Esther Demming and Jack Burton at one of the regular Sunday ballroom dances. Photos by Ralph Stewart
Dancing with the locals
Not too long ago, I attended an Argentine Tango class off-Island. I arrived early, changed into my dancing shoes, and watched as the regulars filed in. While we waited for the class to begin, the course habitués circled wagons and systematically excluded all newcomers from their conversations.
I'm not shy. In fact, I tend to make friends rather easily, so it was a bit of a surprise when I turned to one of the dancers to speak and she turned her back on me. When I realized that the instructor was not even going to introduce himself, I changed my shoes and left. I asked myself, Is this is social dancing?
Recently, I attended Sunday evening ballroom dancing on-Island. I was home again. The regulars go out of their way to greet newcomers, people of all abilities are welcome, and everyone is patient and helpful to the dancing neophyte. You won't find a more casual and friendly atmosphere anywhere.
Stephanie and Frank Elliott take a turn around the floor.
Sunday night ballroom dance was founded about ten years ago by children's book writer Carol Carrick and her long-time companion Jack Burton - an Episcopal minister and retired probation officer. They put an ad in the paper, trying to gather other dance aficionados on the Island.
"We thought no one would show up," Carol recalls, "but people did come.
"We also thought everyone would know how to ballroom dance," she chuckles. "No one did. We ended up teaching."
The group began meeting once a week at St. Andrews Episcopal Church in Edgartown, changed locations as the need arose, and eventually ended up at Nathan Mayhew Seminars in Vineyard Haven. "We charge $3 (per night)," Carol explains, "because we have to pay rent - but it's the cheapest entertainment in town."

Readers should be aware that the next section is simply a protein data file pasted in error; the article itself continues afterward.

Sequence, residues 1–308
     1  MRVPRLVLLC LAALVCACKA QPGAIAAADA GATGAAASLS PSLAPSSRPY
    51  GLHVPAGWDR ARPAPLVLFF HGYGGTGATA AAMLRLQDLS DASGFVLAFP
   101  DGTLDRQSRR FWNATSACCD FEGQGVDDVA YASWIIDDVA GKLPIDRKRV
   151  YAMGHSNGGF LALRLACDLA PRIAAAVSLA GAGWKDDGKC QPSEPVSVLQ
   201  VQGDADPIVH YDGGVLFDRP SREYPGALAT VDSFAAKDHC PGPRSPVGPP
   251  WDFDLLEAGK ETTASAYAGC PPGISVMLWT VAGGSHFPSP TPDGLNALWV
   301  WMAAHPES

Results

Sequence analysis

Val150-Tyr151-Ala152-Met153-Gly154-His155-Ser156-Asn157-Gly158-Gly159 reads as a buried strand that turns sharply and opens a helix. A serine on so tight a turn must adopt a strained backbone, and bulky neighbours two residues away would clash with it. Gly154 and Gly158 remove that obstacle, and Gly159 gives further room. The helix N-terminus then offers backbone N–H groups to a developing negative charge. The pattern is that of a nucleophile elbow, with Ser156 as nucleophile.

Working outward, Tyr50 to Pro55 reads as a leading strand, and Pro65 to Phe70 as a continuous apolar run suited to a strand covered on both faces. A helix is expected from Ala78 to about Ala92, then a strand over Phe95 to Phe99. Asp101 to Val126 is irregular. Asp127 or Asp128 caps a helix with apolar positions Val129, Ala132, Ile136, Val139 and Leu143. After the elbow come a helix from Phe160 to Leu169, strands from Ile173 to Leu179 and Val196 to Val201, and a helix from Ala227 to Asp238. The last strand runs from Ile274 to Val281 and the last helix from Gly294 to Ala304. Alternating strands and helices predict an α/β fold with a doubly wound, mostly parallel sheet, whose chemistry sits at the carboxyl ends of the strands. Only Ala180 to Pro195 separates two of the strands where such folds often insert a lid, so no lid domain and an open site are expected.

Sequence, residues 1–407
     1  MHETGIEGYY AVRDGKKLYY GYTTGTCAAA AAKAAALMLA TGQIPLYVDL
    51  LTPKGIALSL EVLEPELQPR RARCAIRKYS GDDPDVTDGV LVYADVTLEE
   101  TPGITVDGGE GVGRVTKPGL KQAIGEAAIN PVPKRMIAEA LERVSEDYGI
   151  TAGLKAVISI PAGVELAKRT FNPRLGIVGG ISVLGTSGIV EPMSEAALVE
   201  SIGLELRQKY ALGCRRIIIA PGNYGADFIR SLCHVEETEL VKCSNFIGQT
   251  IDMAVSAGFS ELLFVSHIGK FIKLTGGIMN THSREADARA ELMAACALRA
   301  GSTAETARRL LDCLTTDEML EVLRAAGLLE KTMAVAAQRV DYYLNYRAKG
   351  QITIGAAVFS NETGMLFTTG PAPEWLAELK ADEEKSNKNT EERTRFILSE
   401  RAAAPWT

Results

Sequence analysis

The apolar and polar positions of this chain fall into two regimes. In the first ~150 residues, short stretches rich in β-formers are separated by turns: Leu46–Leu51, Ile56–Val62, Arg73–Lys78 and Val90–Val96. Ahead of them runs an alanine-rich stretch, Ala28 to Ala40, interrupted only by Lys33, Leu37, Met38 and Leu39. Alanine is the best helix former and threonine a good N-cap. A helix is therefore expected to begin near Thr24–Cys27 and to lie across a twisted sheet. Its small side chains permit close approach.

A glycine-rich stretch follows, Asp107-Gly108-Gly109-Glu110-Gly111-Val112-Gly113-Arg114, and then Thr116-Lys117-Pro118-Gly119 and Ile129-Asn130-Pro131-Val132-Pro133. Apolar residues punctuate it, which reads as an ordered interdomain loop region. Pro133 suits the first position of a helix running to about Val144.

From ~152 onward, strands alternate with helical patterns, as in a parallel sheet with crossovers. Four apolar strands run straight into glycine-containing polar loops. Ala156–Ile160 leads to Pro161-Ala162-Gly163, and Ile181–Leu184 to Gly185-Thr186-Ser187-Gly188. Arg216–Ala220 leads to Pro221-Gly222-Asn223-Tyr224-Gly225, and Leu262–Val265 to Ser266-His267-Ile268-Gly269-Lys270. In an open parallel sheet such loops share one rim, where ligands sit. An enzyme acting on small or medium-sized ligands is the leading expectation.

The festivities officially begin at 7 pm, with a free class. In the summer, Tom and Dorothy Newton, summer visitors and longtime students of social dance, give classes in Cha Cha, Tango, Rumba, Samba, Waltz, and Fox Trot. Depending on the level of experience of the attendees, the class might be as basic as one, two, cha-cha-cha or as advanced as a Tango fan step. Even when the more learned participants are tearing up the boards in a new step, you'll always find one of the regulars holding an informal mini-course on the basics in a far corner.
Year-round residents Tom Carberry and Janet Holladay travel throughout New England, attending seminars and learning new swing dance steps. By popular demand, they teach weekly classes in the many dialects of swing at 6 pm - an hour before the regular class and dancing.
Guest instructors, often vacationing here in the summer, frequently stop by to teach. There are also occasional surprise appearances. Yvonne Marceau, who, with partner Pierre Dulaine won the British Exhibition Championships four times, once took a break from choreographing at The Yard to bring over two professional dancers for a swing demonstration.
It takes practice to dance swing like Janet Holladay and Tom Carberry. These two make it look easy and fun.